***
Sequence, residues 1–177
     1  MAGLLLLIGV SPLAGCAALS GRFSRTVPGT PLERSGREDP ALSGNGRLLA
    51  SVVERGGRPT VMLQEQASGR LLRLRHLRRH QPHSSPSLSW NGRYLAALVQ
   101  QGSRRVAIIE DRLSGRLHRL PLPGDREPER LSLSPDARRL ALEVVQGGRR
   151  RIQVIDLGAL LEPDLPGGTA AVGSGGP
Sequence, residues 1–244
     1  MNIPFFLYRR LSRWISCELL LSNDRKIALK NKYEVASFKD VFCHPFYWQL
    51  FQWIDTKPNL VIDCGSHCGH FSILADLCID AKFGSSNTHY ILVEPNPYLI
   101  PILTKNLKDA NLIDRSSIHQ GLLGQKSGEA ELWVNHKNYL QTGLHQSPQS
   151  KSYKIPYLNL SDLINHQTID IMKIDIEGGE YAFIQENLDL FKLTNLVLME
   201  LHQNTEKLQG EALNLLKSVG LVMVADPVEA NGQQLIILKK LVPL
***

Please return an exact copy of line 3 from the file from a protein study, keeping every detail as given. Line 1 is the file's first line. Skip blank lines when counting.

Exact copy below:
    51  SVVERGGRPT VMLQEQASGR LLRLRHLRRH QPHSSPSLSW NGRYLAALVQ